Tony Mastroianni Review Collection

Bergman Tries Color and Comedy

Cleveland Press 1964

"All These Women" has some newsy sort of interest. It is the first time that Ingmar Bergman has used color. It is a comedy, and though Bergman is not new to the comedy field, he has never attempted it on this scale.

As for color -- Bergman has mastered it his first time out. His colors range from brilliant eye-bursting effects to the subtlest pastels, from scenes that use every color in the spectrum to moments that are in monochrome.

As for comedy, it is odd that Bergman -- a man so subtle that it is often difficult to fathom his meaning -- is so heavy handed in this. All right, forget his past record. Accept this as a comedy film and ignore the man who directed it.

It still comes across as something done by a man who is imitating the films of the Marx Brothers and the Keystone Cops but hasn't been inspired by them.

"ALL THESE WOMEN" is about the last days of a great cellist. He has one wife and six mistresses, a woman for every day of the week. They file past his coffin to bid him farewell and a critic-composer (Jarl Kulle) reads a eulogy.

The rest is in flashbacks. The critic is the synthesis of all evil critics. He is writing a biography of the cellist, and if this great artist will just play the critic's atrocious composition then the biography will certainly be a kind one. But if he doesn't, well . . .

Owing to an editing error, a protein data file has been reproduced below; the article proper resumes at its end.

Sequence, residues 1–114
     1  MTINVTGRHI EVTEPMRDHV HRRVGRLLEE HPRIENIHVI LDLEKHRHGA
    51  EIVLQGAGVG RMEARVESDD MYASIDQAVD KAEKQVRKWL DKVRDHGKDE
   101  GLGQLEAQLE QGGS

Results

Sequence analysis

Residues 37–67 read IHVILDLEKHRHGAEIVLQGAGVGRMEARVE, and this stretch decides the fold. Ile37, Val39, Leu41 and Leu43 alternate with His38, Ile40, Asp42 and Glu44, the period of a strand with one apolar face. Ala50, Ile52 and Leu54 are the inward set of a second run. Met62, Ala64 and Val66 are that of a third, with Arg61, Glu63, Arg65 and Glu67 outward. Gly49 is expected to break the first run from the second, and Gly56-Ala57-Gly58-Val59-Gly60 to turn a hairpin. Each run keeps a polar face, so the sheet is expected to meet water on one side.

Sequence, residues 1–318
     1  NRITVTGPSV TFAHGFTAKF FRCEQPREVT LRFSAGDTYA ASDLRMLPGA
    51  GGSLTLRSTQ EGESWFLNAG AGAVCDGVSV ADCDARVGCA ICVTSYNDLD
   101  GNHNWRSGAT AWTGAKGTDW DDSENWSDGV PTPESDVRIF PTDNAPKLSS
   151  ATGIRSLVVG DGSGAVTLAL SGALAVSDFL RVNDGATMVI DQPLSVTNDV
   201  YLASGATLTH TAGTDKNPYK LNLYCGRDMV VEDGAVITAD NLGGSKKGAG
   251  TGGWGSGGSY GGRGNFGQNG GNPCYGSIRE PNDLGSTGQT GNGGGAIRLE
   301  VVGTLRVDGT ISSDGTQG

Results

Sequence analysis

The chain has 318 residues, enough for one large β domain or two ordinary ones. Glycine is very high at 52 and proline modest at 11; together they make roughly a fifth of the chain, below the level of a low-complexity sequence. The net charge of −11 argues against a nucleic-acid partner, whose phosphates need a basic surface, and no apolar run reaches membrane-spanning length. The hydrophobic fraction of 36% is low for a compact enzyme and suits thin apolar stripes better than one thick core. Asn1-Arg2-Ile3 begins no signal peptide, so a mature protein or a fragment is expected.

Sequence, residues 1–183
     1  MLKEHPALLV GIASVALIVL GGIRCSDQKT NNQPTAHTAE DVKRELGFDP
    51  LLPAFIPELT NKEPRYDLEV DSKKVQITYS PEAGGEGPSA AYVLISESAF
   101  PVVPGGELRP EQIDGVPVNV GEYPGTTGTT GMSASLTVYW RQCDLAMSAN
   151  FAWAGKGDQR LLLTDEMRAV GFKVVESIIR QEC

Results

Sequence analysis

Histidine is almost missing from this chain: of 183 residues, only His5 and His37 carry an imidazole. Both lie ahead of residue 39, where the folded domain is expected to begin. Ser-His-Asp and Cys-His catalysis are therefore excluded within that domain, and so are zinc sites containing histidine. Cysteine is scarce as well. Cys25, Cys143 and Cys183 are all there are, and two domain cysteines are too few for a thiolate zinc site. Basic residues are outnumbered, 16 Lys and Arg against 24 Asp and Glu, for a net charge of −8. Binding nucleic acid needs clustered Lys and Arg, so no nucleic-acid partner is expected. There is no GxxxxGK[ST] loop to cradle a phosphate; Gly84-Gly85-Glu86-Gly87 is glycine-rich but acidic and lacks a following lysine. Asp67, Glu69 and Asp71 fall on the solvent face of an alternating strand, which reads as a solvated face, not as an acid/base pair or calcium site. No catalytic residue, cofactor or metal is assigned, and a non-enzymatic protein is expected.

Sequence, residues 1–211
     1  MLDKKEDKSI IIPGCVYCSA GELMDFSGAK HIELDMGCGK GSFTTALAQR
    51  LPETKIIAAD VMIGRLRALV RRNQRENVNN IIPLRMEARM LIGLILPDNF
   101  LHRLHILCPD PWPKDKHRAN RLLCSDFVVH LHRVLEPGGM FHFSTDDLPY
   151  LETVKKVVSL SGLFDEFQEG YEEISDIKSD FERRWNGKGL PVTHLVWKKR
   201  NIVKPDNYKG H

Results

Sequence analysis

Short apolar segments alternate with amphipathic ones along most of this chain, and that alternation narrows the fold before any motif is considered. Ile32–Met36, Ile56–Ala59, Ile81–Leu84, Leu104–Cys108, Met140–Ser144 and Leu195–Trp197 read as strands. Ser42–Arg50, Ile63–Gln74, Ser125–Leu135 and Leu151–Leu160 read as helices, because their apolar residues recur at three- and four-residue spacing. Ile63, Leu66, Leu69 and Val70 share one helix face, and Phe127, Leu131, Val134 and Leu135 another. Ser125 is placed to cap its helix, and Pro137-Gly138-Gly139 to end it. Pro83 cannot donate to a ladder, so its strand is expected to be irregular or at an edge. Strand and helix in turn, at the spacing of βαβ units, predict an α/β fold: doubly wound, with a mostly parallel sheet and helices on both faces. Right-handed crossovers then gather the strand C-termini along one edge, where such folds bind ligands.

The critic never gets to see the artist, but during his stay at the artist's mansion he flits from bedroom to bedroom and gets acquainted with his women.

The artist capitulates but before he can play the composition, "The Dream of a Fish, Abstraction No. 14," he falls dead.

THERE ARE SCENES of wild slapstick -- the critic running through the house with a crate of exploding fireworks, or struggling with a plaster bust that is falling off a pedestal. He writes with a red quill pen several feet long and with no discernible source of ink. He dons women's clothing in an attempt to see the cellist

Dialog ranges from the witty to the tactlessly ribald.

Bergman has called upon his usual company of players and they have responded skillfully in switching from serious drama to extravagant comedy.

Bergman has approached his comedy with too much intensity, and comedy is too fragile a commodity for that sort of handling.